To support Honda Canada's image as progressive and committed environmental advocates, Yves Geleyn directed five spots that detail some of their initiatives—from releasing the first hybrid car in North America to planting one tree for every Honda vehicle sold. The spots use a mix of CG and handcrafted, eco-friendly materials that bring to life Honda's message with a sophisticated yet cheerful charm.
Director Yves Geleyn
Client Honda Canada
Production Co Hornet
Executive Producer Hana Shimizu
Head of Production Sang-Jin Bae
Development Producer Kristin Labriola
Producer Matt Creeden
Editor Anita Chao, Stephanie Andreou
Storyboard Artist Gabriel Pages, Natalie Labarre
Character Designer Natalie Labarre
Environment Designer Patrick O' Keefe
Designer Yves Geleyn, Natalie Labarre, Patrick O' Keefe, Andrew Serkin, Sara Litzenberger
CG Lead Eric Lane
Compositor Lead Jeff Billon
Modeler Ivan Joy, Bryan Eck, Michelle Ko, Angela Rivera, Orges Kokoshari, Eric Lane
Texturer Christine Kim, Rui Zhu
CG Layout Artist Eric Lane, Oliver Castle, Kwan Au
Pre-Viz Sam Crees, Michael Sime, Anna Cardillo White, Paolo Cogliati
Rigger Eduardo Enriquez
Lighting & Rendering Kwan Au, Christine Kim, Eric Lane, Richard Kim
Compositor Eric Lane, Hae Deun Woo, Hieu Phan, Anthony Simpson
Animators Sam Crees, Michael Sime, Anna Cardillo White, Paolo Cogliati, Anthony Travieso
Matte Painter Andrew Serkin
Music & Sound Design Grayson Matthews
Executed using CG with wood and paper texture, the spot is designed to have an organic look and feel. The campaign, after all, is about the environment and Honda’s environmental initiatives, so the style needed a lightness and airiness in the design, with bright colors and soft textures, that achieved this quality. Overall, it needed to be an ownable style for Honda and representative of the brand’s committed character, while still adding a whimsical playfulness to the tone. The result is a fresh, oxygenic atmosphere that almost makes you want to hop in a Honda and take a road trip through some far-off evergreen forest in Northern Canada.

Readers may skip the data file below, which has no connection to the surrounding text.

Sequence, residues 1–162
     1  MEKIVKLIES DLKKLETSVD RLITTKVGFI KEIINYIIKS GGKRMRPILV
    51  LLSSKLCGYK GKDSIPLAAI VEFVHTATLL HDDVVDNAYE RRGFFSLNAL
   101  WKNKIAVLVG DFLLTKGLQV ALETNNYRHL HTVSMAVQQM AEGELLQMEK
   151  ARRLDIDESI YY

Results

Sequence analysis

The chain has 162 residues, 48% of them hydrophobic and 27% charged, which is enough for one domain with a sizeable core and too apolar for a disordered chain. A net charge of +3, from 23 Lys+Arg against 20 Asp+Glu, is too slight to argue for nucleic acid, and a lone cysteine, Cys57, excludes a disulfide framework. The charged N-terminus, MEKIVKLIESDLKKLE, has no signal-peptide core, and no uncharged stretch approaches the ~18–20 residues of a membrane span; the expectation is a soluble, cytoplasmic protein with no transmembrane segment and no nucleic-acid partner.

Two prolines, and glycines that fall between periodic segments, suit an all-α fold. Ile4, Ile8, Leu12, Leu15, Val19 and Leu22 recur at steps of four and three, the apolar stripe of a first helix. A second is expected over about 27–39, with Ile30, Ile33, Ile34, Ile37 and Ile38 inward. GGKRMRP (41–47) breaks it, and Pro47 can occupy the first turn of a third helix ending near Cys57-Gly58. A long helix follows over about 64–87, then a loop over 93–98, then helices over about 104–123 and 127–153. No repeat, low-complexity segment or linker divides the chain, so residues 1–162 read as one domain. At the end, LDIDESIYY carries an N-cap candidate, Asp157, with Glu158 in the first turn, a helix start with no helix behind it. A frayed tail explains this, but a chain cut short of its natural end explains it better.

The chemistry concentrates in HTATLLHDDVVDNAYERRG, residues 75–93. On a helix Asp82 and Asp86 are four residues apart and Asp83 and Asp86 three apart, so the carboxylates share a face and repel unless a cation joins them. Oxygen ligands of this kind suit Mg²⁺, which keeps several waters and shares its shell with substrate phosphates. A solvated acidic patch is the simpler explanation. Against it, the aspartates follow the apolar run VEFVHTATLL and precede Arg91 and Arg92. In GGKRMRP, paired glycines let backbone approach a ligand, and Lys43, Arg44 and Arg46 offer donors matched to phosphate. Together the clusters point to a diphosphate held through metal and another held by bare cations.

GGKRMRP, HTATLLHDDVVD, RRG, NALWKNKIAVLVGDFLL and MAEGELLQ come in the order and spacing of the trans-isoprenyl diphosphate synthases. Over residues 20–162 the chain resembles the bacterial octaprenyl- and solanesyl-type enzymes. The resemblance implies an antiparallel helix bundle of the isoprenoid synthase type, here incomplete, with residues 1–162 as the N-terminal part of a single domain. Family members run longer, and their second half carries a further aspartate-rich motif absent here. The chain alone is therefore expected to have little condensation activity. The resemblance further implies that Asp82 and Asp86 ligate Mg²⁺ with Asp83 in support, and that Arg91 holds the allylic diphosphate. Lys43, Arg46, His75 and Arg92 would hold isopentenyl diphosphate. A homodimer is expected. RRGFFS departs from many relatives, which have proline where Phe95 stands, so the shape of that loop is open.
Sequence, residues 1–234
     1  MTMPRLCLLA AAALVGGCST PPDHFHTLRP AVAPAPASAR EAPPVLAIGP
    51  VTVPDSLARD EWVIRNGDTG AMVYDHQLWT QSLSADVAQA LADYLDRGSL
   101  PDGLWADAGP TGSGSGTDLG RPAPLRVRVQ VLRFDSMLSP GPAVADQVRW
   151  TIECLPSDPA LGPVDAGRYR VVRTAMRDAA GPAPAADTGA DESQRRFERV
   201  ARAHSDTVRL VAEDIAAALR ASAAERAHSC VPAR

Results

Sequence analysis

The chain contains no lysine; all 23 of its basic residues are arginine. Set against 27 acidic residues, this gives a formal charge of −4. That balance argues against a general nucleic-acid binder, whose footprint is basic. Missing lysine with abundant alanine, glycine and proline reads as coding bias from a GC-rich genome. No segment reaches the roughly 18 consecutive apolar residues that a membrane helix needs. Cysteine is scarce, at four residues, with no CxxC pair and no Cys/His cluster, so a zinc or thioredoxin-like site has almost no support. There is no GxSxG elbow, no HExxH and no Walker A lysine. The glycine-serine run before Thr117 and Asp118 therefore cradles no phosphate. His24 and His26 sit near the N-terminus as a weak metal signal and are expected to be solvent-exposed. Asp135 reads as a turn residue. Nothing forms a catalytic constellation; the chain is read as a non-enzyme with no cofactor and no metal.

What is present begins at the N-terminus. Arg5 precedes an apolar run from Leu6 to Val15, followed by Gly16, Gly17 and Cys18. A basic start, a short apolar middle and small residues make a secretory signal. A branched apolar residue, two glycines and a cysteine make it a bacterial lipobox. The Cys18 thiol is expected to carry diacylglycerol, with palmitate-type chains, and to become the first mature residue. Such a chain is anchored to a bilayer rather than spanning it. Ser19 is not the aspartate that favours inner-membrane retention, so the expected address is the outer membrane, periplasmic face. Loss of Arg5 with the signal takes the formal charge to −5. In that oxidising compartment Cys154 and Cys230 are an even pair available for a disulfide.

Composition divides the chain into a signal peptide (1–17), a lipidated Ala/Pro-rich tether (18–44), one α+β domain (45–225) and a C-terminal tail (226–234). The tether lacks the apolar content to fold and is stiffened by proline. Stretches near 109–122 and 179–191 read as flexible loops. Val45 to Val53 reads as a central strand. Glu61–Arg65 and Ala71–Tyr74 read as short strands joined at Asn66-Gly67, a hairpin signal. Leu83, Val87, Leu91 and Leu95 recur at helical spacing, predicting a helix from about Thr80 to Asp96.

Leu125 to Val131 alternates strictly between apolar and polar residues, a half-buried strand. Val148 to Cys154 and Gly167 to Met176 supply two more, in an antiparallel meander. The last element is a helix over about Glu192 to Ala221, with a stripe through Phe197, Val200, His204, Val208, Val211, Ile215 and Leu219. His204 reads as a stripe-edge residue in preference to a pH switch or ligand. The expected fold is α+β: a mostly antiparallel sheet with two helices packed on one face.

Hornet director Yves Geleyn is a storyteller, to his core. He possesses not just a wide range of creative styles and techniques, but also a deep devotion to exposing the small truths that make any story worth telling. For him, technique functions to support the story, not the other way around.
Luckily, Yves is a true master of both. He has a giant toolbox of techniques, but his innate instinct for unearthing the finer details is what makes his work so powerful.
Maybe because the details of his own story are so interesting in themselves. Yves was brought into the world by a German mother and a French father. His childhood was defined by a mosaic of moveable homes and travels, growing up in Britain, France, Germany, plus adventures around the world. His world became an empty canvas where he was allowed to funnel his curiosity—arguably his most defining personality trait—into whatever inkblot-shape his passions du jour led him to. He attended rugby school. He attended culinary school. Eventually, he discovered the world of graphic design and motion graphics and fine art.
Yves is a self-admitted perfectionist. From start to finish, he’s hands-on. By intimately knowing everything possible about a subject matter, he’s able to create an almost subterranean story below the main narrative—something not everyone can see at first, but that they can feel in the finished work. And the finished work has a simple, sweet, timeless quality - like poetry.
Over the years, Yves has directed numerous short films and commercial campaigns that have earned him industry awards and major international recognition. His work Monster in the Closet explored the subject of safe gun storage with a powerful and haunting story. His 2014 holiday spot for UK retailer John Lewis, The Bear and The Hare, took the festival circuit by storm and still receives applause from all sides of the industry to this day. His 60-second spot for McDonald’s, Always Working, was aptly indicative of Yves’ quest for perfectionism; he and his team of fifty people spent 12 intensive weeks to bring the spot to life. The 2017 short for Cabrioni was a feel-good tale that showcased Yves’ ability to weave together multiple animation techniques. And his work for Frooti was a testament to his ability to create an entire story from scratch and turn it into a colorful universe all his own, yet relatable to all.